Wednesday, June 29

Activist judges: "Congress can do anything it wishes"

Unless you're a political junkie (um..."enthusiast") you probably haven't read the Constitution since high school--and then I'm betting the teacher just skimmed the surface of the document. Not a lot of in-depth analysis

So how much do you remember about the Constitution?

If you said "Any powers not specifically granted by this Constitution to the federal government are reserved to the states, or to the people," congratulations on a great memory.

If on the other hand you said "All powers are reserved to the federal government; the States and the people will do what we say, period" you said what a majority of "justices" on the 11th Circuit Court said in their just-released decision upholding the part of Obamacare that will compel everyone to either buy health insurance or pay a fine.

"Wait," you may be saying, "did they change the Constitution while I was asleep or something?"

No, activist judges simply interpreted it as meaning something just...a bit different than what you thought the very plain, clear words meant. And it's absolutely crucial that you understand how they arrived at this, and how utterly they inverted the original meaning of the Constitution.

The entire thrust of the Constitution is to limit the power of the central government to only a set of specifically-listed powers. The tenth amendment seals this clear purpose with the famous sentence:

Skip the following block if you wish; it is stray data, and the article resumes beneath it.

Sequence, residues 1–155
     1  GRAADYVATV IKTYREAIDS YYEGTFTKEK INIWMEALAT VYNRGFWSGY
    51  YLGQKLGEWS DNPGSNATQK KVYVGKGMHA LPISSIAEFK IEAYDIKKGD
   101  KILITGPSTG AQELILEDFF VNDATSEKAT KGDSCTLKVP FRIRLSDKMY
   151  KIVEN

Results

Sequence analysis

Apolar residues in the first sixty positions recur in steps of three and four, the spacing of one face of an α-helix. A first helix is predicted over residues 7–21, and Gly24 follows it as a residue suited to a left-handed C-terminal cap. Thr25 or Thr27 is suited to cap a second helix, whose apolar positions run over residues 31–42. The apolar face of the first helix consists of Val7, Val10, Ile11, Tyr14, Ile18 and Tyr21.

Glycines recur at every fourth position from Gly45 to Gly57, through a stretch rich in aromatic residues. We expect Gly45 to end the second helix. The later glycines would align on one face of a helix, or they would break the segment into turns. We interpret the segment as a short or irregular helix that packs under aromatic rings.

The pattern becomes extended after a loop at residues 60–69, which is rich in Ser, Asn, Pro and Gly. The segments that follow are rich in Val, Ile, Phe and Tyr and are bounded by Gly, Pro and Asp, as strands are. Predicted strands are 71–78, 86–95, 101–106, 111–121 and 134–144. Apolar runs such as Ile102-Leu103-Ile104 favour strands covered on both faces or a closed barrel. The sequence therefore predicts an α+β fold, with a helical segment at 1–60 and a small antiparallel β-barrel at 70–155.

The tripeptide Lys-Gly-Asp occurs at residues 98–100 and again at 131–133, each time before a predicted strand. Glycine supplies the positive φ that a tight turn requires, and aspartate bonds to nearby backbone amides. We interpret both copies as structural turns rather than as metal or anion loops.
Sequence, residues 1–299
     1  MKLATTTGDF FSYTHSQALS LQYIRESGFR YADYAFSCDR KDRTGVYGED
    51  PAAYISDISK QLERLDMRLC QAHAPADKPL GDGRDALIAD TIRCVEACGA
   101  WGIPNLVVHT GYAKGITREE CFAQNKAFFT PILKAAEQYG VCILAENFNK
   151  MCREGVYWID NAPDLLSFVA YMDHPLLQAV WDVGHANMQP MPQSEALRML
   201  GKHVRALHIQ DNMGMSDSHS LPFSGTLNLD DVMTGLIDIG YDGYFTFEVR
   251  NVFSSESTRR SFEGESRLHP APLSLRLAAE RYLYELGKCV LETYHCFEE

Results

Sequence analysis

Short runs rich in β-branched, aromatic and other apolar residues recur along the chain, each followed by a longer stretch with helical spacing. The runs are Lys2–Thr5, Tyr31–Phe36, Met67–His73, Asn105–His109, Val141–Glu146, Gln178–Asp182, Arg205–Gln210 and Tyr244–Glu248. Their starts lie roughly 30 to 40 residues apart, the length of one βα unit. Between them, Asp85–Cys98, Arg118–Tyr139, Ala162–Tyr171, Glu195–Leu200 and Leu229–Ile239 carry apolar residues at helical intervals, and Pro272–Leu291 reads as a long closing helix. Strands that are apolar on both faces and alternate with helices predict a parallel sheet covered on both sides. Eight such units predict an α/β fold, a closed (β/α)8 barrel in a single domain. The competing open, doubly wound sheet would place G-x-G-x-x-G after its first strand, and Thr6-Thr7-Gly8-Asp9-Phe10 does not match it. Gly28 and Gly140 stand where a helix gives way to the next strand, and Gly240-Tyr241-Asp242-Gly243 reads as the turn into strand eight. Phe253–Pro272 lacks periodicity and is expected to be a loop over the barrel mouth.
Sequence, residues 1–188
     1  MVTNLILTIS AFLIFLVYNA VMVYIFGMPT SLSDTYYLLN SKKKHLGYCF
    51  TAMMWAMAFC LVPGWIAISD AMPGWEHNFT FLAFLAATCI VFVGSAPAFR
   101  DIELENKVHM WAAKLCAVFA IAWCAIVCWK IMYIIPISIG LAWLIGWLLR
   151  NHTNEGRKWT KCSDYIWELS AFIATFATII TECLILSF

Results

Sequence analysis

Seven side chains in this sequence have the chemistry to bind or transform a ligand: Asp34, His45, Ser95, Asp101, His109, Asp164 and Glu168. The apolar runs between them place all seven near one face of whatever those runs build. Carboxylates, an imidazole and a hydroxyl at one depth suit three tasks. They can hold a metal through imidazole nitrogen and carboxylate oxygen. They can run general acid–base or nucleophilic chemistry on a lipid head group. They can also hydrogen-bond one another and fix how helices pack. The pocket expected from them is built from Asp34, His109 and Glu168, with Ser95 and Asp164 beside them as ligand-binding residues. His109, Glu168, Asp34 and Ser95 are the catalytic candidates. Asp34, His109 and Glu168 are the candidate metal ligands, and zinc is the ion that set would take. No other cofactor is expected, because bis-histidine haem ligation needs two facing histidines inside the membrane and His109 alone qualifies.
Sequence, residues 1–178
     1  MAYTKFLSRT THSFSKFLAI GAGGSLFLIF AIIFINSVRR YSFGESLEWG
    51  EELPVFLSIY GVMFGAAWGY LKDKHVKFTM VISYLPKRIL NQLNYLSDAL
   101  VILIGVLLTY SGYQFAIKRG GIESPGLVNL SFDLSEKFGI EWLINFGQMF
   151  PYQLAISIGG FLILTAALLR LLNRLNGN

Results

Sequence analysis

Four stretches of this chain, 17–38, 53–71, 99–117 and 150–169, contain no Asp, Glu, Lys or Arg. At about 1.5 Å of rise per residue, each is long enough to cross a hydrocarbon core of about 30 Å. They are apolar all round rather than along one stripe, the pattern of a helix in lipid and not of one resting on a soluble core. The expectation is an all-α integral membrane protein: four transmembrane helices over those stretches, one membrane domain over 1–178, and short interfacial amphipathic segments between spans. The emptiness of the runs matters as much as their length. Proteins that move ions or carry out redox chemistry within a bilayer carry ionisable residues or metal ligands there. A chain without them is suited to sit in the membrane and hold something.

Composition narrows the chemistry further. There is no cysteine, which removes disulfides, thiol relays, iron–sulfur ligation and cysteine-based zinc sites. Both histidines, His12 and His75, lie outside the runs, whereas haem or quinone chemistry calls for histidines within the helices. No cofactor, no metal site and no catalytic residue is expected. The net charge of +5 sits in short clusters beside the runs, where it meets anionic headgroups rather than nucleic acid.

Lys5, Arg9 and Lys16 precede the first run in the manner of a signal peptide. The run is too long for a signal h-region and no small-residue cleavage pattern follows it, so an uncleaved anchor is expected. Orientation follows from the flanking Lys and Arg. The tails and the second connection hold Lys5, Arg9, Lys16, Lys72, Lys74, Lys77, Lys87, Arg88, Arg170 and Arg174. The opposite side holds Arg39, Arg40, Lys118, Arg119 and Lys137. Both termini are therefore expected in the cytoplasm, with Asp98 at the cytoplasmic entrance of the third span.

The powers not delegated to the United States by the Constitution, nor prohibited by it to the States, are reserved to the States respectively, or to the people.
Seems quite clear. But there's another clause, in the portion that grants powers to congress:
[The Congress shall have the power] To regulate Commerce with foreign Nations, and among the several States, and with the Indian tribes;
It is this clause that the morons--sorry, justices--of the 11th Circuit have interpreted as negating the clear language of the tenth amendment, and giving total power to congress to demand that citizens comply with any law it chooses to pass.

And with the benefit of the improved reading skills of this 21st century it's easy to see how they arrived at this. In fact, it's hard to believe almost all legal scholars missed this huge, tidal shift in the proper interpretation, since it's been there all along.

What? You say you don't see the big negating phrase that overturns the tenth amendment's protections?

Geez, how could you miss it? It's so obvious: "Congress shall have the regulate Commerce...among the several States."

What now? You still don't see it? Okay, clearly you don't speak Activist Judge, so let me explain: Everyone agrees that this phrase gives congress the power to regulate "commerce" among the states. But in using this phrase the Founders meant that a state couldn't decide to levy an import duty on goods from a neighboring state, or decree that all wheat sold in their state had to be shipped in a special, costly bag.

(No, I won't quote sources for you. Do your own work.)

But of course, this was 1789. A century later, some congressjerk sat up and said "Hey, we want to control the sale of, um...electricity across state lines. That's obviously interstate commerce, so that clearly falls within our power."

No one objected--and thus did the camel's nose slip under the edge of the tent.

Later congress wanted to pass a law regulating wheat production. Since wheat was obviously sold across state lines on many occasions, no one objected.